A Webb's Wainscot was an unexpected capture in the Obs garden moth-traps this morning; the only routine immigrants in the traps were 4 Silver Y, 2 Rush Veneer, 2 Dark Sword Grass and a Rusty-dot Pearl.




   Firecrest and insect swarm - Portland Bill, 29th August 2008 © Martin Cade

...the super-abundance of flying insects was a really conspicuous feature at the Bill where the lee-side of almost every building or clump of trees (the photo above is a telephoto shot of a tiny part of the huge swarm gathered beside the top of Obs lighthouse tower) had a constantly moving smoke-like plume of insects beside it.

  29th August

August has certainly left it late but finally seems to be coming up with the migrants. Today's flurry in muggy, mainly overcast conditions was easily the best of the month and included a good 200 grounded Willow Warblers and at least a four figure total of hirundines (along with 18 late-ish Swifts) lingering overhead feeding on a large hatch of flying ants and a plethora of other aerial insects. Quality was provided by a fly-over Ortolan Bunting near Lloyd's Cottage at the Bill and a miscellany of uncommon migrants that included in the Bill area 10 Redstarts, 5 Pied Flycatchers, 3 Turtle Doves, 2 Lesser Whitethroats and singles of Merlin, Hobby, Snipe, Great Spotted Woodpecker, Grasshopper Warbler and Firecrest. Pretty well all the other expected commoner migrants reached well into double figure totals. A single Balearic Shearwater passed though off the Bill and 4 Sanderling, a Redshank and a Mediterranean Gull were at Ferrybridge.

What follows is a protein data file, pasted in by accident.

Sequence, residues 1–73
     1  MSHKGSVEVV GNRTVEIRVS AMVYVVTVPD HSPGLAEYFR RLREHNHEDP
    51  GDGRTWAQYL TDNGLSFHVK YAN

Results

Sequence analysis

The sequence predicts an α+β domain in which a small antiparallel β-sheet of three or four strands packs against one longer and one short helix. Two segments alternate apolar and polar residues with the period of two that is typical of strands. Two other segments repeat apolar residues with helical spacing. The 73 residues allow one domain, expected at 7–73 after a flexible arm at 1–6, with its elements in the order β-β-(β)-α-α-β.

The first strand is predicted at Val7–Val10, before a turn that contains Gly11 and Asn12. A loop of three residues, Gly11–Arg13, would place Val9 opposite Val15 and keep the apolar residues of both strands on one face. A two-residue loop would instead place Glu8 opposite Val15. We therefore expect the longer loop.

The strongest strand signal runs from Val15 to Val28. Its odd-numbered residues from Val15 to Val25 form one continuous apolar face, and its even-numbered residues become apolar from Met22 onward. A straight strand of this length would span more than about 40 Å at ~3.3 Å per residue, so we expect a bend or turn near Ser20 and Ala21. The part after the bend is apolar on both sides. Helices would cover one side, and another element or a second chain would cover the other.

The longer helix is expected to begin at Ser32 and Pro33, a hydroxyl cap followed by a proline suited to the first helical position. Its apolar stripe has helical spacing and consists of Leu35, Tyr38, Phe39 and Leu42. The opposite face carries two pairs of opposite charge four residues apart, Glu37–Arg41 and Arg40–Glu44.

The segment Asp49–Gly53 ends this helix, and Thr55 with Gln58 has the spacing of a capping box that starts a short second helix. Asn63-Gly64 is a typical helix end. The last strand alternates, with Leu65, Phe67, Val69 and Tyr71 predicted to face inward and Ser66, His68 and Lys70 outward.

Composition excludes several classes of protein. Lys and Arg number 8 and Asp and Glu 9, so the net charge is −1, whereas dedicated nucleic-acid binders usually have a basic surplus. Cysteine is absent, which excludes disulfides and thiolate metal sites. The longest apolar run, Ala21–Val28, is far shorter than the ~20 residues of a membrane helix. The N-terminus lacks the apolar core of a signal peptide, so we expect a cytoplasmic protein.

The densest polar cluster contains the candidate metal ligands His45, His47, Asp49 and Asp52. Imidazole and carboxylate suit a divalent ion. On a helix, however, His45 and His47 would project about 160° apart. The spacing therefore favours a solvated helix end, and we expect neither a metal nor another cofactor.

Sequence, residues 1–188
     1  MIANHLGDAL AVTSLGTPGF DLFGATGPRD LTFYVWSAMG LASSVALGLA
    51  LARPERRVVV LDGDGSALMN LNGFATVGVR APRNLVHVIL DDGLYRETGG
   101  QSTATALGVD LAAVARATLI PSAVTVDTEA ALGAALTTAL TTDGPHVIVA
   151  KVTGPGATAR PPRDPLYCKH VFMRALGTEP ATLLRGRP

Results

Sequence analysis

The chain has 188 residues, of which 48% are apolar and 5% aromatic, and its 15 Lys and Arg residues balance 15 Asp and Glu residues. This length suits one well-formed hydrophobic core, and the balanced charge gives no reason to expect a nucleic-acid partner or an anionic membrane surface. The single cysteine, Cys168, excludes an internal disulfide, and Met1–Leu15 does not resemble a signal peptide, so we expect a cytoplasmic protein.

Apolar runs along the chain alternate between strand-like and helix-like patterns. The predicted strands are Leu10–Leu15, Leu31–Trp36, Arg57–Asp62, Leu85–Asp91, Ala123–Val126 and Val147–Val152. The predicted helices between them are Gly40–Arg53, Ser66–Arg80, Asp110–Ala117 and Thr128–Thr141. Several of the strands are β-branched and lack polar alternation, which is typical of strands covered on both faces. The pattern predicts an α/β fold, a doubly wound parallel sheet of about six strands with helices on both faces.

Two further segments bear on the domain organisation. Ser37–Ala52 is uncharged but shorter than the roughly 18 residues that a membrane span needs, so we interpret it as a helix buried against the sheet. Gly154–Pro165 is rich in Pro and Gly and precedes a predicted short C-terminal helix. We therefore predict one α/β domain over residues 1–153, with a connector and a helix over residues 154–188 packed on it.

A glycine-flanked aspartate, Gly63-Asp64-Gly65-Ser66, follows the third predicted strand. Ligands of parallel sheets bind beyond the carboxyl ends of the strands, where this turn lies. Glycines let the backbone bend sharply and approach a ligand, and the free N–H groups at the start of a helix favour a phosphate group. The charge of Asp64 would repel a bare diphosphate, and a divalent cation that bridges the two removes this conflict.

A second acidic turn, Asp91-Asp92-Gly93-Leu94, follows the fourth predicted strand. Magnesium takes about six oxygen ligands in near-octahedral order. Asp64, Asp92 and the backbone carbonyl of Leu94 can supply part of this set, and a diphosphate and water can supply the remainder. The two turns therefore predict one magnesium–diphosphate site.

Overnight mothing was extremely busy although immigrants were still conspicuously thin on the ground; 7 Rush Veneer, 6 Silver Y, 3 Rusty-dot Pearl, 3 Dark Sword Grass and a Four-spotted Footman were all that could be mustered from some very full traps at the Obs.

28th August

Although it was by no means bursting with birds (for instance we netted only 11 new migrants at the Obs in 9 hours of trying) it was nonetheless a lot busier than it has been in recent days. Once again most of the coverage was of the Bill area, from where totals included 55 Wheatears, 40 Willow Warblers, 35 Yellow Wagtails, 10 Tree Pipits, 8 Whinchats, 8 Crossbills, 7 Whitethroats, 6 Spotted Flycatchers, 4 Little Egrets, 4 Swifts, 4 Sedge Warblers, 2 each of Grey Wagtail, Redstart, Grasshopper Warbler, Blackcap and Lesser Whitethroat and singles of Dunlin, Cuckoo, Short-eared Owl, Merlin, Hobby and Chiffchaff.